Image Wolfgang Leander
A ban on commercial shark fishing would help protect the $78 million that shark dive-related tourism is estimated to bring to the Bahamas annually, the industry's potential growth and the predator's role in the sustainability of other commercial fisheries in this nation, a leading expert said yesterday.
Working with the Cousteau Society, Pierre-Yves Cousteau, son of legendary French explorer and marine scientist, Jacques Cousteau, is in Nassau this week to support the Bahamas National Trust (BNT) and the Pew Environmental Group's (PEG) campaign to get the Government to enact legislation banning commercial fishing of sharks in the Bahamas.
As shark populations globally have come under threat from over-fishing, primarily driven by the demand in Asia for shark fins for soup, a long-line fishing ban in the 1990s and lack of local demand helped the Bahamas remain one of the few countries with an abundant population of sharks.
However, the advice to the Bahamian government and people from Mr Cousteau, the BNT and the Pew Environmental Group is that the Bahamas should take a proactive stance towards specifically protecting this resource through legislation banning the commercial fishing of sharks, which have both environmental and economic importance to this nation and the wider marine environment.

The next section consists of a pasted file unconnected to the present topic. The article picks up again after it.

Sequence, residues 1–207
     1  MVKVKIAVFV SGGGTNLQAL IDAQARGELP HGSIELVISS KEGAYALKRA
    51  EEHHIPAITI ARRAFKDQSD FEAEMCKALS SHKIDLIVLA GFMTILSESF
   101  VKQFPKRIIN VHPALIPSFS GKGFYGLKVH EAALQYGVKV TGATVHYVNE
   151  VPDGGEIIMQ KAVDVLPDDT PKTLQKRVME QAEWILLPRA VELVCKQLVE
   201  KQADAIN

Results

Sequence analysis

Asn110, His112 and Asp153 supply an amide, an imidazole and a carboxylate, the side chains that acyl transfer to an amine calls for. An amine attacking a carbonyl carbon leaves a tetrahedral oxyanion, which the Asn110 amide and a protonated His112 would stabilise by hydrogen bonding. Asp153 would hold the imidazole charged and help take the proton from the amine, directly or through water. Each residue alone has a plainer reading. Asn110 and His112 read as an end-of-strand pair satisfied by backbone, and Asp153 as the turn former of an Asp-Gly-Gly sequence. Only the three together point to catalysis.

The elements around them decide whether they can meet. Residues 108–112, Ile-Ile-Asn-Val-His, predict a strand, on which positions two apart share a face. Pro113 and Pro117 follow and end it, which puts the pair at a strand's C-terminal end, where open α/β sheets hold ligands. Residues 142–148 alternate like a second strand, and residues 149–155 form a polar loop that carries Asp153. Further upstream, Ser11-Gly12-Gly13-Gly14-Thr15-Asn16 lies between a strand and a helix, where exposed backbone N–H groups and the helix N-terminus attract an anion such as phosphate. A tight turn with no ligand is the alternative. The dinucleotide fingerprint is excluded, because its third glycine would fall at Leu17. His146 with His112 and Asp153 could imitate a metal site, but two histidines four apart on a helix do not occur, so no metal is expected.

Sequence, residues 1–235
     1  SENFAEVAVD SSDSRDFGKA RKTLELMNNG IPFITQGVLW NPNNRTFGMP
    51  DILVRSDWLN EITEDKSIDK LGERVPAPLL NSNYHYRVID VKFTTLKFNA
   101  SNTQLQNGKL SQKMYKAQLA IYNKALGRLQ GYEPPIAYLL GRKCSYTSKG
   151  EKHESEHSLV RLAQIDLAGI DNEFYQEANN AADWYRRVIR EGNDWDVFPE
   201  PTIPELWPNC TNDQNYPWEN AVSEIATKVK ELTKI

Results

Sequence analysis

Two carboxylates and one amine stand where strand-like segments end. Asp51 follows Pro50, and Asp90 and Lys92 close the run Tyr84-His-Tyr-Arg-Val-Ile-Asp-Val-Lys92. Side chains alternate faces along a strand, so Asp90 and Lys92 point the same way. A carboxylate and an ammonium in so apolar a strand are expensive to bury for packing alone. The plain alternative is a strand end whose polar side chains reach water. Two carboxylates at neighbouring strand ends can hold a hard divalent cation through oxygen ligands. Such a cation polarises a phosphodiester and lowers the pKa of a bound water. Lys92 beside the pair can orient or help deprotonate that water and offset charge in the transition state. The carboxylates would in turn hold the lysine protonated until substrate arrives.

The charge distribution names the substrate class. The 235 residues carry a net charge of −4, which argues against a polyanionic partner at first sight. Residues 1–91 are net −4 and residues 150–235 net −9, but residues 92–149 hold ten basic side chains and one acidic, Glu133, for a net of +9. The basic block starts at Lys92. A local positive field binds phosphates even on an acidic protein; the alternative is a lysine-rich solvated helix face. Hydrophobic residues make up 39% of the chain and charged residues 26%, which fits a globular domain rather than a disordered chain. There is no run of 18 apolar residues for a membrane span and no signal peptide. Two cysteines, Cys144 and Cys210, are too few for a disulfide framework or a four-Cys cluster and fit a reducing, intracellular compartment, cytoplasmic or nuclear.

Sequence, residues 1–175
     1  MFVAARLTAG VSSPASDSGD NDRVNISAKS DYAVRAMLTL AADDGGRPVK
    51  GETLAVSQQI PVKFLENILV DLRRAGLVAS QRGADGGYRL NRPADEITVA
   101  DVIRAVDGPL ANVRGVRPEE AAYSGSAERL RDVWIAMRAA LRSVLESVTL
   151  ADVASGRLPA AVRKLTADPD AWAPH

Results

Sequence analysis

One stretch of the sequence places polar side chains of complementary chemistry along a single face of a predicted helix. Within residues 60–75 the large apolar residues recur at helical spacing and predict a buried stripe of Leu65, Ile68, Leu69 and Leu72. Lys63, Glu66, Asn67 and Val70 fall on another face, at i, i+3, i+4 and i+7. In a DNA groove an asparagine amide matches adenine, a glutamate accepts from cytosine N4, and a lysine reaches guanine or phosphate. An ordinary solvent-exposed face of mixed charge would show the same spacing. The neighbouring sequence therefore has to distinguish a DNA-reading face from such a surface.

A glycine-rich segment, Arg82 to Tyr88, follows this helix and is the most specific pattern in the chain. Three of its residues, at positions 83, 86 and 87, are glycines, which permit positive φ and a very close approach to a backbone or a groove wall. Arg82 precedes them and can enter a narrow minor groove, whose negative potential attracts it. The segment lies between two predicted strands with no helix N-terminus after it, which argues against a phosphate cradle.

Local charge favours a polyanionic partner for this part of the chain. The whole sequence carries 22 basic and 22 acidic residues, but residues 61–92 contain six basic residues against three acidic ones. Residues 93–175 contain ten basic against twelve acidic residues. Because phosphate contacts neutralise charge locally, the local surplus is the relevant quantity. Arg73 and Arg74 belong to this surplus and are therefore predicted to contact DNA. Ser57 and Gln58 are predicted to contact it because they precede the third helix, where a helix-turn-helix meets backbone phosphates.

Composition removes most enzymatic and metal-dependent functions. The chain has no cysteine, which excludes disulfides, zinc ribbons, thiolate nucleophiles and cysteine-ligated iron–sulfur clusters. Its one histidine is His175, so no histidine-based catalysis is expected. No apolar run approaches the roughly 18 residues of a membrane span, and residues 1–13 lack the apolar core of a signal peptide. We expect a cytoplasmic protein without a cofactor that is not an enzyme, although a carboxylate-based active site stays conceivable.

With any depletion of sharks in the Bahamas, said Mr Cousteau, the multi-million dollar shark diving industry in this country - estimated by the Bahamas Dive Association to have brought in $800 million to the Bahamian economy over the last 20 years - could be threatened, as could the health of other commercial fish populations whose abundance to some extent is "regulated" by the existence of the "apex predator" in Bahamian waters.
At risk, too, would be the exposure that the Bahamas gains from footage of its sharks and marine environment being featured in television programs and films worldwide, which can stimulate not only dive tourism but tourism generally. Meanwhile, Mr Cousteau - who went for his first dive as a child in Eleuthera, where he also saw his first shark - noted that shark tourism could be a growth industry for the country if protected.